BEIJING (Reuters) - A leading Chinese newspaper has accused the United States of hypocrisy in criticizing other nations’ space ambitions while rejecting a proposed space treaty and firing a missile to destroy one of its own satellites.
The United States hit one of its own dying spy satellites with a missile on Wednesday, Washington time -- Thursday in Beijing -- citing fears that a normal re-entry would risk lives.
Earlier this month, Russia and China proposed a treaty to ban weapons in space and the use or threat of force against satellites and other spacecraft. But Washington rejected the proposal as unworkable and said it instead favors confidence-building efforts, the New York Times reported.
China, which shot down one of its own satellites in January 2007, is monitoring Washington’s destruction of the satellite.
“The Chinese side is continuing to closely follow the U.S. action which may influence the security of outer space and may harm other countries,” Foreign Ministry spokesman Liu Jianchao told a regular news conference.
The ruling Communist Party’s newspaper, the People’s Daily, went further, accusing the U.S. of dangerous space ambitions and double-standards.
“The United States will not easily abandon its military advantage based on space technology, and it is striving to expand and fully exploit this advantage,” said the front-page commentary in the overseas edition of the paper, which came out before Washington announced one of its missiles had hit the satellite.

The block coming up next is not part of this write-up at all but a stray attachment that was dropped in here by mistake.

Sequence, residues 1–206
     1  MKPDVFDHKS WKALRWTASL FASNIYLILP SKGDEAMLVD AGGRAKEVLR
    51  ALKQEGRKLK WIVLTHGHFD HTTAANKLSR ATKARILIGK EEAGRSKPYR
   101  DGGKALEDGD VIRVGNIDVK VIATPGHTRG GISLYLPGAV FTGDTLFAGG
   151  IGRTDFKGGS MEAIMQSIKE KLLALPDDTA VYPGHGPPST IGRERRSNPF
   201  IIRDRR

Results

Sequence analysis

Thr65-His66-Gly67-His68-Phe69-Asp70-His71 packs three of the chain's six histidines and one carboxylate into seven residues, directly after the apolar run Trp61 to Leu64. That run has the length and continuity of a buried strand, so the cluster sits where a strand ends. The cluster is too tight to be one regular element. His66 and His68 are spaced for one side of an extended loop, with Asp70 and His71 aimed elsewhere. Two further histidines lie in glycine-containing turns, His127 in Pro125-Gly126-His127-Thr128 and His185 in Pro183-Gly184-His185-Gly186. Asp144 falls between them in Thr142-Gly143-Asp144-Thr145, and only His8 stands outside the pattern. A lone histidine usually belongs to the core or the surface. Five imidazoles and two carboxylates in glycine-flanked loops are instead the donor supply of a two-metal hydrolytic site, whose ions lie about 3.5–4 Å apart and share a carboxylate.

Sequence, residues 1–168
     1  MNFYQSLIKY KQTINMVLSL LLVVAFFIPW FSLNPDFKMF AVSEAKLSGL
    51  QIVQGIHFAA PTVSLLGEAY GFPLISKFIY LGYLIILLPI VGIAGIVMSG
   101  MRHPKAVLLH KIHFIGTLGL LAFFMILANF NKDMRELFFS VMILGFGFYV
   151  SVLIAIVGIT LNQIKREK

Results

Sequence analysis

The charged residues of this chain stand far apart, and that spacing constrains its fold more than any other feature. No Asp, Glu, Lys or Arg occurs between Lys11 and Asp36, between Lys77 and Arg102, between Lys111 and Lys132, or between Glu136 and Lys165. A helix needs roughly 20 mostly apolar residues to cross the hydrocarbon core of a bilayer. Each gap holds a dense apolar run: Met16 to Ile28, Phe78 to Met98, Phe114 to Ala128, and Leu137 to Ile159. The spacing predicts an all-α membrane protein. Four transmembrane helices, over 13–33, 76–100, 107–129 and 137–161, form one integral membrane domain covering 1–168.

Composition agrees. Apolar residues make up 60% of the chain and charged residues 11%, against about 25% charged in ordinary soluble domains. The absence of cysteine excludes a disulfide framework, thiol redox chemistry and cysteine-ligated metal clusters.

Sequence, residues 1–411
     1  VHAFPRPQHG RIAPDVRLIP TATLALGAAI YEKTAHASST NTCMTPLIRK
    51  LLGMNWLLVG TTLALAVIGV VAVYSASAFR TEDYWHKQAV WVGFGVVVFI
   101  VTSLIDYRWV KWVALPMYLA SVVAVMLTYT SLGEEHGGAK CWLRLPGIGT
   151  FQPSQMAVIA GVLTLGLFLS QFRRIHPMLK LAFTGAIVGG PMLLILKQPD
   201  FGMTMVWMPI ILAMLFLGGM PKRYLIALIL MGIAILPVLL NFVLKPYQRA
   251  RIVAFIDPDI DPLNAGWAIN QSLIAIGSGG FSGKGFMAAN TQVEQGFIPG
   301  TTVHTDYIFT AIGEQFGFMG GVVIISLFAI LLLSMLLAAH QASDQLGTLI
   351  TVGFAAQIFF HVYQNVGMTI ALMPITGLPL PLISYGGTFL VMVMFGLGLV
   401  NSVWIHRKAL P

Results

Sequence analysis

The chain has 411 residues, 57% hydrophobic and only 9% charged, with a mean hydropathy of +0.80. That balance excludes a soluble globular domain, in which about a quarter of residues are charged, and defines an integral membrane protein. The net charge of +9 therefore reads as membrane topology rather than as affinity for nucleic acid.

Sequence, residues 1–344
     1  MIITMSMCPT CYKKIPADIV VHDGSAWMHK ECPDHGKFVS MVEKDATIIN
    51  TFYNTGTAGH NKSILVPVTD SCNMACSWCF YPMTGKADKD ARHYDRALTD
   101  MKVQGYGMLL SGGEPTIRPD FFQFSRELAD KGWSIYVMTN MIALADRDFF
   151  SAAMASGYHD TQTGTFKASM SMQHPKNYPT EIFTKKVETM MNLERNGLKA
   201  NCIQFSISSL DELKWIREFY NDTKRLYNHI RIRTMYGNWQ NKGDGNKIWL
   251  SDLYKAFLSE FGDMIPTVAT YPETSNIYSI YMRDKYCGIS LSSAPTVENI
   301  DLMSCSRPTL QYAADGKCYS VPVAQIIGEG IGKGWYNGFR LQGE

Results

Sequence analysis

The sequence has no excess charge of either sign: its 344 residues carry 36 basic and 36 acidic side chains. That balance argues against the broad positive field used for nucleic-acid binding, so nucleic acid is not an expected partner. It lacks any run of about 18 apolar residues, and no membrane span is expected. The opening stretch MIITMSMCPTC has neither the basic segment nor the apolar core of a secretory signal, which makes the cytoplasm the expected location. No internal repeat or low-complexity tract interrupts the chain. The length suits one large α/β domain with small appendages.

When China tested an anti-satellite missile a year ago, the Bush administration and other governments criticized the act as dangerous.
The Chinese state newspaper said the United States was hypocritical.
“The United States, the world’s top space power, has often accused other countries of vigorously developing military space technology, but faced with the Chinese-Russian proposal to restrict space armaments, it runs in fear from what it claimed to love.”
The paper said Washington was “desperately trying to explain away” its satellite shoot-down as “for purely non-military objectives”.
Nuclear and other weapons of mass destruction are banned from space under a 1967 international treaty, but Washington’s plans have caused concerns about non-nuclear arms in space.
Reporting by Chris Buckley and Ben Blanchard, editing by Benjamin Kang Lim
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